Criminal trespass cannot be made if the property on which the accused is alleged to have trespassed is not in the possession of the complainant: Karnataka High Court


This particular decision is held by the High Court Of Karnataka through the single bench of Justice M Naga Prasanna in the case Shivaswamy & Others v. The State Of Karnataka &  ANR.


In this case the respondent advocate is the complainant . On 01/08/2018 the complainant registered a complaint before the kodigehalli police station  that on 13/01/2018 at about 9 a.m. the petitioner had allegedly trespassed into their house, threatened her tenants to vacate the house, and caused loss by disconnecting electricity. Based upon the said complaint, a criminal case came to be registered in crime no. 163 of 2018 for offence punishable under Sections  143, 427, 447, 448, 506 and 149 of the IPC.

Orders and Judgements

The bench firstly noted that land in question was acquired by the Bangalore Development Authority for the benefit of NTI Housing Co-operative Society. The petitioners by way of a registered sale deed had purchased the said property from the Society and later got all the revenue records mutated into his name. While the complainant had challenged the acquisition proceedings, the same came to be dismissed by the High Court in February 2022.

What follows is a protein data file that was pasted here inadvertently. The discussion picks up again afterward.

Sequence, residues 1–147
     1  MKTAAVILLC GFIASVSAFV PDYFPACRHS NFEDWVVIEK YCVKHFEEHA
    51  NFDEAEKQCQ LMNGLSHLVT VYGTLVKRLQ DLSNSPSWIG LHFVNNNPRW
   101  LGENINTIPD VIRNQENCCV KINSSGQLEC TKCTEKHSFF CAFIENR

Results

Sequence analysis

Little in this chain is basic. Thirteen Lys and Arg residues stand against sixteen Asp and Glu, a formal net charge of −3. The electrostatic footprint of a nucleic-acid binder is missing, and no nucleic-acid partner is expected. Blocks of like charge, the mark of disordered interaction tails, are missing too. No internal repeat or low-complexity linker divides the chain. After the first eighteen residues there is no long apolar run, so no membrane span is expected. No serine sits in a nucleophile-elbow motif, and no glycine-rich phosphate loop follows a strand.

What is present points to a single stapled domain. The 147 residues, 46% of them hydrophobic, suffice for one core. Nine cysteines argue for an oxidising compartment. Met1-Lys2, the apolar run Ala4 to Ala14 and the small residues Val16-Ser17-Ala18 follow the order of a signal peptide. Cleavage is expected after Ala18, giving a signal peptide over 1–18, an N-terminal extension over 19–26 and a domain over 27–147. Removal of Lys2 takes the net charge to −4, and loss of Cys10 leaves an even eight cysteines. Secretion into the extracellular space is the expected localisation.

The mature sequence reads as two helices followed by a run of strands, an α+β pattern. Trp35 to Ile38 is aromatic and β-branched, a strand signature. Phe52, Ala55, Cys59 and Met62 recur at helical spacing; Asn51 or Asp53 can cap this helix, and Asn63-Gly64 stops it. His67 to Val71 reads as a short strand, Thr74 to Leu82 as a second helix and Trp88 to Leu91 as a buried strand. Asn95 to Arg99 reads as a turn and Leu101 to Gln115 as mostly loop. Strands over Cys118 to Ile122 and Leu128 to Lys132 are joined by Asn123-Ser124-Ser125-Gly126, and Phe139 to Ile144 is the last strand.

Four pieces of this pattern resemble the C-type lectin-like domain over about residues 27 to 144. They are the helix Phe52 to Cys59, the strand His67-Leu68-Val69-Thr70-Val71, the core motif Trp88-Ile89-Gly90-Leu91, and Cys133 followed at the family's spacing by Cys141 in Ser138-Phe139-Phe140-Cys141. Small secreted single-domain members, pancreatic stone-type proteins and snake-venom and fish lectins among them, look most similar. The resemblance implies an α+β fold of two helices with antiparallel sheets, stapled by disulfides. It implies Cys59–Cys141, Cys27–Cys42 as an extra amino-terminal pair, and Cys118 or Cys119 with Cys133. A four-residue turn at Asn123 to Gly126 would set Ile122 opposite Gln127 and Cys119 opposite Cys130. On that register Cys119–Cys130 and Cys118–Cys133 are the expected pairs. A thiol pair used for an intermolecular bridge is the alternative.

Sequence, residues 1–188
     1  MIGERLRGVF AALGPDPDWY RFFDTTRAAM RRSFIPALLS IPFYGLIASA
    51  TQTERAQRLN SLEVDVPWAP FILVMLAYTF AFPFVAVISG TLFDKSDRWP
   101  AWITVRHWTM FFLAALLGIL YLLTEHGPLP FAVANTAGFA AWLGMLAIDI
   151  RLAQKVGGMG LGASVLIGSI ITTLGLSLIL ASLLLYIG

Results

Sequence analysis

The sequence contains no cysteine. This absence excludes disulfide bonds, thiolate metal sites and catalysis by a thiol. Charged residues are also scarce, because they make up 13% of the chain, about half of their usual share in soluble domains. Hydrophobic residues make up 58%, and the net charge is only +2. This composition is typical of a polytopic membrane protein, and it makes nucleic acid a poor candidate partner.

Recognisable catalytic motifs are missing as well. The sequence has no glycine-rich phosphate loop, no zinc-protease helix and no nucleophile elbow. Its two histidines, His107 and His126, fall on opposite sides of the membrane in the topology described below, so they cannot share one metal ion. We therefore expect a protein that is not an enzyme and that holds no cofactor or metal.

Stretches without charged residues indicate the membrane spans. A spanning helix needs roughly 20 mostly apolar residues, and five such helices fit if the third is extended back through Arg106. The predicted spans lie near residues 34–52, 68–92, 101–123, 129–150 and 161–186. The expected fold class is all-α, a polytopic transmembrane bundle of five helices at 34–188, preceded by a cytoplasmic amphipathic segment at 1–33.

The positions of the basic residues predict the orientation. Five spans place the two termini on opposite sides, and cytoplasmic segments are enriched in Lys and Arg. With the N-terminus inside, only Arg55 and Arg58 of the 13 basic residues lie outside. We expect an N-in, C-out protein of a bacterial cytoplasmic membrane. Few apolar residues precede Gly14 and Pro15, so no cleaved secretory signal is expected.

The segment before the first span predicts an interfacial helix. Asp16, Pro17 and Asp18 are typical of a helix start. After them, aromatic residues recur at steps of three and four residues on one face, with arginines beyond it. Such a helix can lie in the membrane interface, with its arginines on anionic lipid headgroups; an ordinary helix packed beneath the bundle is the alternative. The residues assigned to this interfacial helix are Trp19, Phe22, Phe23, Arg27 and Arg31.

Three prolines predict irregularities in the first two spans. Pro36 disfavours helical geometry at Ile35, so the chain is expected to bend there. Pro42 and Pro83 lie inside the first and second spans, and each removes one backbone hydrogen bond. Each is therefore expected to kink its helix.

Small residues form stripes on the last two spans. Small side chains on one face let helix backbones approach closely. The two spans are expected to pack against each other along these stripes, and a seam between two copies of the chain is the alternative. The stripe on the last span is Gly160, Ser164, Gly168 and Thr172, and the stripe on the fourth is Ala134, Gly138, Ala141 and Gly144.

In this backdrop, the Court observed that if possession is not with the complainant, she can hardly contend that the accused have trespassed into the property of the complainant.

“Section 447 which deals with criminal trespass hinges upon the complainant being in possession of the property…Her possession in the case at hand is determined by this Court in the aforesaid writ petition while observing that the BDA had already acquired the property for a particular purpose in the year 1986 and the complainant being in possession was not accepted. Civil cases are also pending against each other. Therefore, if the complainant is not in possession of the property, there can be no allegation of criminal trespass into such property, in which the accused themselves are in possession.”

The bench also opined, “Criminal trespass as obtaining under Section 447 of the IPC and defined under Section 441 of the IPC can be committed only when a person enters into or upon any property, which is in possession of another with intent to commit an offence or intimidate, insult or annoy any person in possession of such property.”

It added, “If there is no criminal trespass into the property, causing damage under Section 427 of the IPC, by way of mischief or destruction of property also cannot be alleged, as they are inseparable, in the peculiar facts of this case.”

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Judgement reviewed by- Mohammed Shoaib

Click here to view the judgement 


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